Why is the aether appealing?

Discussion in 'General Philosophy' started by Beercules, Jul 13, 2003.

  1. Nasor Valued Senior Member

    I think you need to brush up on your basic quantum physics. The 'probability wave' associated with an object is not a wave in the traditional sense; the wave function of an object describes the probability of the object existing at any particular location, but it's not a wave in the same sense as waves in water. The probability waves of objects are not propagating effects in a medium.

    I'd suggest you read something like this http://www.amazon.com/exec/obidos/t...f=sr_1_6/002-0127364-3778456?v=glance&s=books before you post further on the subject.
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  3. sir Mojo Loren axial anomaly Registered Senior Member

    I know what quantum physics says, thanks.
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  5. Canute Registered Senior Member

    Sir Mojo - A word of support. You are wasting your time talking such lucid common sense to people who cannot or will not think for themselves, who seem to entirely lack even the small amount of imagination needed to understand what you are actually talking about, and would rather arrogantly patronise you than read what you are saying.

    You present a simple and plausible hypothesis to be considered and nobody even wants to discuss it, it's depressing.

    My own very simple wireframe model of physical existence is in direct agreement with the Buddhist model, (which I didn't know until recently). Now I find that it is also in direct agreement with your superfluid ether theory, (thanks for the explanation and the references). Have you explored the links with philosophies of consciousness and the notion of non-duality? It seems to me that if there is any truth at all in Eastern philosophy or in Western science (as seems certain in both cases) then the ether, if there is one, must be the level at which these very different explanations can finally be reconciled, and thus synthesised into an explanation for everything else.
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  7. sir Mojo Loren axial anomaly Registered Senior Member


    Thank you, yes I am casting pearls before swine, but not for the swine themselves who keep dumping their load on them.

    I am a student of Spinoza whose philosophy operates as a foundational layer to Sorce Theory. It does resonate with eastern thought because it says that the fundamental unit of matter (or reality or causality) is the universe itself, as an infinite and continuous whole.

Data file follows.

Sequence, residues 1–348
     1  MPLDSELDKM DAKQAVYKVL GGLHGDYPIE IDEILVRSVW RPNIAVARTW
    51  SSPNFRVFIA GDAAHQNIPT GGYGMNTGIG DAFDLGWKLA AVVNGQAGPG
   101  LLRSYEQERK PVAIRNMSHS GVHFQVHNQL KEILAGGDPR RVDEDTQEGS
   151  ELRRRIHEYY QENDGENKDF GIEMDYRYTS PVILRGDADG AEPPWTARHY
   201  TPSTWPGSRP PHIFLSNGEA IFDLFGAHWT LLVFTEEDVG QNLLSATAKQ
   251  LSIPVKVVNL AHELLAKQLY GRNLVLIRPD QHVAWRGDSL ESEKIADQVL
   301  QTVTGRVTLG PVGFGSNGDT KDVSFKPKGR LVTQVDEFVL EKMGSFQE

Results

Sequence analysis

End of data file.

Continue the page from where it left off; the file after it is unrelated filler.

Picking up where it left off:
8. cyberdyno Registered Member

    Like Einstein said, there is no absolute space, space is an extension of matter. Space is not primary, nor fundamental, it does not exist by itself, it is a product, just as matter and time are products. Space is dynamic, it fluctuates, it tells matter where to go and matter tells it how to curve, remember? Empty space, on the other hand, is primary. You see, there is empty space and then there is material space, a mix of ZPR and CMBR particles. Einstein' spacetime is packed full of photons, that is where Inflation, the time cone, the time arrow, the Big Bang, 'false vacuum', etc., all come from. This why we now say space is grainy.

    Locality, in spacetime, is a relation. Objects are relative to other objects, not to empty space.

    The field is not to be seen as the ultimate irreducible reality, empty space is. But information starts with the field... with first quantum of action.

    When we think about empty space we should stay away from notions that imply motion. Terms like infinity or velocity, size or duration... are not applicable. In this realm, we must think in terms of state, not in terms of process. Process happens in spacetime.

    Because the aether is not composed of parts that follow a time line and the idea of motion is not applicable, we can safely say that the aether is one. Because it is one, there is no need for motion, there is no space or distance to cover, this is where non-locality and EPR phenomena come from. State, not knowledge, is registered throughout the Universe instantaneously, Mach was right.


    "...in topological quantum field theory we cannot measure time in seconds, because there is no background metric available to let us count the passage of time! We can only keep track of topological change."

    "The topology of spacetime is arbitrary and there is no background metric."

    "Quantum topology is very technical, as anything involving mathematical physicists inevitably becomes. But if we stand back a moment, it should be perfectly obvious that differential topology and quantum theory must merge if we are to understand background-free quantum field theories. In physics that ignores general relativity, we treat space as a background on which the process of change occurs. But these are idealizations which we must overcome in a background-free theory. In fact, the concepts of 'space' and 'state' are two aspects of a unified whole, and likewise for the concepts of 'spacetime' and 'process'. It is a challenge, not just for mathematical physicists, but also for philosophers, to understand this more deeply." ------ John C. Baez (from "Higher-dimensional algebra and Planck scale physics", as it appeared on the book "Physics Meets Philosophy at the Planck Scale" by Craig Callender and Nick Hugget)

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